My second race of the season was the FS Series BeaverDam Olympic race. Great competition on a fun and challenging course. I met Jeanna Chain, long time triathlon competitor and IOS employee, for the first time and did my best to try and catch her on the run but was too far back from the swim and bike! I did have a strong enough run to make the podium with a pass in the second half of the run to move from 4th place to 2nd place. One of my favorite things about the TMS-IOS team is the support and camaraderie of racing together. Everyone is encouraging and giving shout outs on the course and pushing one another to do and be our best. Thank you to FS Series folks for being a team sponsor once again. BeaverDam is one of my favorite races of the this series. It is close to the triangle making for a cozy night at home sleep;) and it is a good hilly challenge on the bike and run to get you ready for 70.3 distance racing, particularly good timing for Raleigh 70.3.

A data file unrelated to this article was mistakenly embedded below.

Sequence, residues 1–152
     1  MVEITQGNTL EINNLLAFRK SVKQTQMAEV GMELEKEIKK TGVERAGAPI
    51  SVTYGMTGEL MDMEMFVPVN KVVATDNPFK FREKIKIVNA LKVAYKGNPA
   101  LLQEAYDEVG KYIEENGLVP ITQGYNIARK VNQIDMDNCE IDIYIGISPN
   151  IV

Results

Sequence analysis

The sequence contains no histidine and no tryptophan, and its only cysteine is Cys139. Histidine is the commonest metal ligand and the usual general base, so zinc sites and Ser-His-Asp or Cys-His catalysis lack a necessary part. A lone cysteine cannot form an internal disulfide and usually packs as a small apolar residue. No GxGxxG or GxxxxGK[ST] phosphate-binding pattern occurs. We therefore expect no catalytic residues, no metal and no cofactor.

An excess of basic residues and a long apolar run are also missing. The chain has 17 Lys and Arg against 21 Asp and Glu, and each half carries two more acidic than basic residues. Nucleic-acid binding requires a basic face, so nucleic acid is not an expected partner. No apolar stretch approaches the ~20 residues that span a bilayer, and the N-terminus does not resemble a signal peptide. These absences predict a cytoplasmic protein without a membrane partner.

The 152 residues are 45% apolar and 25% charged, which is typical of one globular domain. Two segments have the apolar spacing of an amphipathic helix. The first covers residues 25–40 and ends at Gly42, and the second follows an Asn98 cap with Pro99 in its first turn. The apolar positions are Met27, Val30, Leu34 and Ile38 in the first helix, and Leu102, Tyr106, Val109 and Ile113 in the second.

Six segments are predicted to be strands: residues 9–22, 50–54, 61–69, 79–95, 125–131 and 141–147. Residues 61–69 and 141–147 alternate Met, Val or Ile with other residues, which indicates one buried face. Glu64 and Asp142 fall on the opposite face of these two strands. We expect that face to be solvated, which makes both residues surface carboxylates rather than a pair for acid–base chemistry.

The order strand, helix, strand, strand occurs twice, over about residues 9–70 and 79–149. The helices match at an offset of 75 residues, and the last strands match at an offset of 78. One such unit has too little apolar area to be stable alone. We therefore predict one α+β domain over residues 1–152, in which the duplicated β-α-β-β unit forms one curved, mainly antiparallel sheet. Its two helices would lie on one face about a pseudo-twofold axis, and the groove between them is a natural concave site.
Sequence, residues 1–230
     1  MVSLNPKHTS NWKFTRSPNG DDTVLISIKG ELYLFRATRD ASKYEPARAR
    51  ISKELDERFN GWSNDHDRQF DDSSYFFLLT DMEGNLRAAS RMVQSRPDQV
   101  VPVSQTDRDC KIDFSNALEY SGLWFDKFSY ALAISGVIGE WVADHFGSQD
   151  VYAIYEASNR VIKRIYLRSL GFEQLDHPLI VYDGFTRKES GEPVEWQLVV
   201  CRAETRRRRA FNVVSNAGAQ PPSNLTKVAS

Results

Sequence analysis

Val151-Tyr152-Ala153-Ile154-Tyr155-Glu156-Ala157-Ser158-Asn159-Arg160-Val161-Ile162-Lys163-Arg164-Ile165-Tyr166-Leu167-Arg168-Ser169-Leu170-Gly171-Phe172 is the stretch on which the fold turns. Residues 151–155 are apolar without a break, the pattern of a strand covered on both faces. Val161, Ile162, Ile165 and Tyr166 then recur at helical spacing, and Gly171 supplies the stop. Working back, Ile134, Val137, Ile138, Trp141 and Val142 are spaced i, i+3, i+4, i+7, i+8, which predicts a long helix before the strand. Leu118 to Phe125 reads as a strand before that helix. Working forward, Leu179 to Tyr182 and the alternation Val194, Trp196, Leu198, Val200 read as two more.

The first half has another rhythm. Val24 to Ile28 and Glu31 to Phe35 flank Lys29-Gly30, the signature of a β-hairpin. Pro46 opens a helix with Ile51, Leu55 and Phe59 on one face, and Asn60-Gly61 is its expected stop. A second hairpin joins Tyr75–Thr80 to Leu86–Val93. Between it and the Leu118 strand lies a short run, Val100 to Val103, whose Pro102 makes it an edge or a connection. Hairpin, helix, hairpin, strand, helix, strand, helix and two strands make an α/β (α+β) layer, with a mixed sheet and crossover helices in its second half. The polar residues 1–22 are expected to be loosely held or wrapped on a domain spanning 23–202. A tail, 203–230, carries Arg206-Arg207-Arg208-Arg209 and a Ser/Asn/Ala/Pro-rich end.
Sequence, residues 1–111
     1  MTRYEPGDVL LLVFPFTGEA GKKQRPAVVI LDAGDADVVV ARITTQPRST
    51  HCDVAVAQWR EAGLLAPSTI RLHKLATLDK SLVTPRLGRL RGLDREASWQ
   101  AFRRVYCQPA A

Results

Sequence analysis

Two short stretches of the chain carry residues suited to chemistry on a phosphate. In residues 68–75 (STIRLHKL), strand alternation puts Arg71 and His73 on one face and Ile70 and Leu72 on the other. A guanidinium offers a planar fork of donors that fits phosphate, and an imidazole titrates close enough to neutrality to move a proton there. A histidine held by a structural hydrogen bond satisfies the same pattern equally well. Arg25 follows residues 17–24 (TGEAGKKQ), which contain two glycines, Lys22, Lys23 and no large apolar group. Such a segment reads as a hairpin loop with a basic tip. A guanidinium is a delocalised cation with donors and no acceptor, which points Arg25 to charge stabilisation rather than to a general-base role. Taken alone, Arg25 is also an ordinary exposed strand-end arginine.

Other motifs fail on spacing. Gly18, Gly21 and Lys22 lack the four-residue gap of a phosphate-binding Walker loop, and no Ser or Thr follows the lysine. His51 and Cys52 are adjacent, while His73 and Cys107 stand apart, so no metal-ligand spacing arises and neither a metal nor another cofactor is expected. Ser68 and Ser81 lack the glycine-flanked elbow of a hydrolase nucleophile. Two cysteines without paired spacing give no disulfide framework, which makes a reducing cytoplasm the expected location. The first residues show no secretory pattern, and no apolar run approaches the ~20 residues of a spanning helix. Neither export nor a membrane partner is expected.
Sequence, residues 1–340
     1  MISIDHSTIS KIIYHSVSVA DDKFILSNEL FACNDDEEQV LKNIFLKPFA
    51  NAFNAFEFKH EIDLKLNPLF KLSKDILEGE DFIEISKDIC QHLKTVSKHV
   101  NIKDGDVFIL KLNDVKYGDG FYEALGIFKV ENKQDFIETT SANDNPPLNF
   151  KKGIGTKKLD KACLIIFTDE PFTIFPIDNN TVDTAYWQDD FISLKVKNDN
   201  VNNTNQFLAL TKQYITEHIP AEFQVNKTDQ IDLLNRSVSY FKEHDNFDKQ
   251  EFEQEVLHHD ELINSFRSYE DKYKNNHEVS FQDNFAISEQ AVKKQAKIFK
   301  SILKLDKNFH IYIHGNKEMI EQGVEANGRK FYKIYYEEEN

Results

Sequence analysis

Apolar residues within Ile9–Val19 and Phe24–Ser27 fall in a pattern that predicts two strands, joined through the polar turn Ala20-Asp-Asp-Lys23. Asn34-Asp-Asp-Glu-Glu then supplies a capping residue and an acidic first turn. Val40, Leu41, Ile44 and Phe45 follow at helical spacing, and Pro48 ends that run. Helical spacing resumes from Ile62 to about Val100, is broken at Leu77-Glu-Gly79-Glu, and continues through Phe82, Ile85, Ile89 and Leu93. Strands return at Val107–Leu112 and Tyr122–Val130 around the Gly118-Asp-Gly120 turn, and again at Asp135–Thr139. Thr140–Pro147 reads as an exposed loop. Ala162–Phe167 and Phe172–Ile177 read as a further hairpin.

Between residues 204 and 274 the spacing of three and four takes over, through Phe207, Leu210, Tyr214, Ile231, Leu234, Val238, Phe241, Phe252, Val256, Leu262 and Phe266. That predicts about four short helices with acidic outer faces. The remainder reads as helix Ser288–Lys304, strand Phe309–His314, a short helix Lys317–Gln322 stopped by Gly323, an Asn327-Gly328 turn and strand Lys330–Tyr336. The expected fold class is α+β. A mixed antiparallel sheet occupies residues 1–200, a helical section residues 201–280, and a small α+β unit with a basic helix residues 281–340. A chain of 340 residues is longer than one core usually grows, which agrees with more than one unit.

Hometown racing is the best

I began my 2014 racing season with a return to my southern roots. Columbia, SC hosts the Downtown Tri every year in and around the University of SC campus. It is a very spectator friendly venue: the swim is in the USC natatorium, the bike is a 3 loop course and the run basically has 2 out and back sections. It was fun to get to have my 3 children to get see me race for the first time. My favorite part of the swim is that they let you dive start into the pool! The bike has some good ups and downs and lots of turns making for almost a criterium style feel. And the run is great for seeing everyone in front and behind you. This was my second time competing on the course and it was just as fun this time as the last. Thanks SetUp Events South Carolina for a great race!